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Working together for gender justice for refugees

Alison and Maria

Alison Phipps
A strong family tradition of generous hospitality and a flair for languages led Professor Alison Phipps to volunteer as an interpreter at the Immigration Detention Centre at Dungavel.
 
But her life was changed forever when a teenage girl from Eritrea, who arrived in Scotland after a difficult and dangerous journey alone, became part of their family. Alison found herself becoming a mother to a daughter who did not share her mother tongue.
 
As her daughter’s right to remain in the UK was challenged, Alison found herself increasingly asked for public and media comment. Today, in her appointment as the UNESCO Professor of Refugee Integration through Languages and the Arts in the University of Glasgow, Alison’s is an important voice, not just in Scotland but across the world.
 
Her UNESCO Professorship is very much a shared project of opening out a world which people can imagine inhabiting, one of shared life, relationships and hospitality. As increasing numbers of people are forced to move, questions of land, language and belonging become increasingly important.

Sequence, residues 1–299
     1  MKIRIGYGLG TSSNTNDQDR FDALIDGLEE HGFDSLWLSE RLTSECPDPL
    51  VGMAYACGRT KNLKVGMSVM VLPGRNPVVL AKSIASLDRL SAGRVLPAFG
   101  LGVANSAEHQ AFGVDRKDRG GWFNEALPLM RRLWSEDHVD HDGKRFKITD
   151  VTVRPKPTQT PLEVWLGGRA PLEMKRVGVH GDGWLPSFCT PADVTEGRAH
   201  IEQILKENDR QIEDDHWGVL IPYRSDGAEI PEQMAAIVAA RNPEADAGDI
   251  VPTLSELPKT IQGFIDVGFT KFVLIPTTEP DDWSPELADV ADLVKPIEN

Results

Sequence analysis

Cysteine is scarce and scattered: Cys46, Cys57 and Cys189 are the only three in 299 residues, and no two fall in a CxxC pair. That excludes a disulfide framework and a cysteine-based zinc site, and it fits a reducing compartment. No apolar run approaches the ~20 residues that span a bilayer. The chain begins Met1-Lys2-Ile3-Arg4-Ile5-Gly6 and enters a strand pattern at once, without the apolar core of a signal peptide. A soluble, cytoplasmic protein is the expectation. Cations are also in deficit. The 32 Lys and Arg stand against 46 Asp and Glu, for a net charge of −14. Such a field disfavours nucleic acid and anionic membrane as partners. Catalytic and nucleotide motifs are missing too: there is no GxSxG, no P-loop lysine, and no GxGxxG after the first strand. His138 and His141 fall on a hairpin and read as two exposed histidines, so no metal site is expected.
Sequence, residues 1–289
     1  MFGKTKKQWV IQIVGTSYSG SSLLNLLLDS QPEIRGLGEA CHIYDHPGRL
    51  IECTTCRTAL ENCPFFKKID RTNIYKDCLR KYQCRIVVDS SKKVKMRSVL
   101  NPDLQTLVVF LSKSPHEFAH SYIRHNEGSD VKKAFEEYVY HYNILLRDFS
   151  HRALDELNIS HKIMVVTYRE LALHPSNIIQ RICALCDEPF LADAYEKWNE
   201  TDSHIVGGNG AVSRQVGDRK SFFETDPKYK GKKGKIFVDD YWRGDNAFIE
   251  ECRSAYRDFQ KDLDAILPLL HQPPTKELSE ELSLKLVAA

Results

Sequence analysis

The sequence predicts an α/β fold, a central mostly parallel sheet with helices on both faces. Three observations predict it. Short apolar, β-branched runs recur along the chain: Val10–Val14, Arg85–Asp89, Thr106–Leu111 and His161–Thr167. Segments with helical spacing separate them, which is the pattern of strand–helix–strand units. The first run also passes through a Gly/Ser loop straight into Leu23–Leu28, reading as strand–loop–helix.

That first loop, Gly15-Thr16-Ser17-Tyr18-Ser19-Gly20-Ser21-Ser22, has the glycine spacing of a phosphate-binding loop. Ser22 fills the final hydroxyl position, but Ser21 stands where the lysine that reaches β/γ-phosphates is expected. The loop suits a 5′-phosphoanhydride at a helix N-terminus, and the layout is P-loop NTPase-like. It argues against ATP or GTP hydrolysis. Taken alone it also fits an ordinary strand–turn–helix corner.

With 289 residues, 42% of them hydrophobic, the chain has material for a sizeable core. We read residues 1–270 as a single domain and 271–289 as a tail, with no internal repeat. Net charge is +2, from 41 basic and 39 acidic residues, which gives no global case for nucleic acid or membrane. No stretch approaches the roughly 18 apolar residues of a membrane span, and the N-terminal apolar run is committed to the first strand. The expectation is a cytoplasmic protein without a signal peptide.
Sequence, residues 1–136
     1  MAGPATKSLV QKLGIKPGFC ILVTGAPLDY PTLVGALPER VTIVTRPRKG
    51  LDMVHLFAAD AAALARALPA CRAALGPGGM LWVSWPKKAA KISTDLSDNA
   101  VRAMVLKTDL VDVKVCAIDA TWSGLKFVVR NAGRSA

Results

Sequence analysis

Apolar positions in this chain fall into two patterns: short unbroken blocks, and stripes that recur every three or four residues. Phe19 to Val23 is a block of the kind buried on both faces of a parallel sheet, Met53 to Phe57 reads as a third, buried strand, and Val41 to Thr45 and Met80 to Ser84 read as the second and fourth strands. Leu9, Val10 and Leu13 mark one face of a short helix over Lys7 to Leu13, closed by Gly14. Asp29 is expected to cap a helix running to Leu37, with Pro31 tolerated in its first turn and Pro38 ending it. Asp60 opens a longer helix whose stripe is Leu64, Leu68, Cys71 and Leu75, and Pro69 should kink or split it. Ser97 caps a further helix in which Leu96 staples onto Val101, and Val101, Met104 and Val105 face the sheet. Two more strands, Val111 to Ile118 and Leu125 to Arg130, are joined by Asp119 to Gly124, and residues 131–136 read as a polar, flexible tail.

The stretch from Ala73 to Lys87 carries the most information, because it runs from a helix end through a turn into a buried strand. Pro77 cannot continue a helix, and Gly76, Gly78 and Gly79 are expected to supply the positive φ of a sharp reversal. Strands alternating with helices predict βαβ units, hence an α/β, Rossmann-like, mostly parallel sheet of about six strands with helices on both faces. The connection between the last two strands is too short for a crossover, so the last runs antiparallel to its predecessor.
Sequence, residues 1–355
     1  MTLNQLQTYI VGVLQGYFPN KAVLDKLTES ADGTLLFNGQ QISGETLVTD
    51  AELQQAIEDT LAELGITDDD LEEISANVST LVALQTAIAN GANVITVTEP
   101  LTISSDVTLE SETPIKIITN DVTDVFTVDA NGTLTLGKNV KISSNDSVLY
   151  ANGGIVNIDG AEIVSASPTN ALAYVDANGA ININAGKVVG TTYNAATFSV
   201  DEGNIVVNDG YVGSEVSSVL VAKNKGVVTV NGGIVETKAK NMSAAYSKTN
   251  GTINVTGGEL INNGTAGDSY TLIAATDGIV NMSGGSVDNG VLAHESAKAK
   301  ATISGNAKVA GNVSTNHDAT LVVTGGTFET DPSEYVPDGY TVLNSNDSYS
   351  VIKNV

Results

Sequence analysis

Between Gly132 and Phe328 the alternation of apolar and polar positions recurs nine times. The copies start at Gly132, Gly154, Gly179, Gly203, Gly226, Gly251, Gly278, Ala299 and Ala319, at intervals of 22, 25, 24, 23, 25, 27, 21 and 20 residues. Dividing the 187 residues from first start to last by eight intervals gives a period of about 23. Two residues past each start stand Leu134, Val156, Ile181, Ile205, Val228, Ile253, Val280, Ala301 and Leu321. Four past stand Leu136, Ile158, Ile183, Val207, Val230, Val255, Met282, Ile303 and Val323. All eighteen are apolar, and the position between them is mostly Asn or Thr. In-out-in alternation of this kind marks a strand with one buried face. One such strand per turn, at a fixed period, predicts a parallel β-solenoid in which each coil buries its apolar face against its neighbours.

Faced with the challenge of how to help people - and especially poorer women - move into their new reality, it is important not to be scared to step into someone else’s world.

Professor Alison Phipps

Maria Konti-Galinou
Major Maria Konti-Galinou is a Salvation Army Officer working in Athens to support some of the many thousands of refugees who arrived in Greece in 2015-16.
 
When Greece was affected by serious economic crisis in 2011, Major Maria and a colleague established the Salvation Army in Thessaloniki to offer practical support to the most vulnerable citizens. Then in 2015, Greece’s domestic problems intensified with a massive increase in the number of immigrants and asylum seekers arriving by sea. There are now over 50,000 refugees stranded there.
 
Major Maria set up a second Salvation Army hub in Athens from where she runs a day centre for the many women and children hoping to join their families in Europe. Mothers have been separated from their children; many have health problems. But she offers them hospitality and dignity: a good meal, clothing and hygiene packs.
 
With her husband, Maria now has a new appointment in England as Corps officers at Nunhead Salvation Army church.

This crisis has brought together the churches and faith-based NGOs. Together we’re working to support the women of Greece and the refugees.

Major Maria Konti-Galinou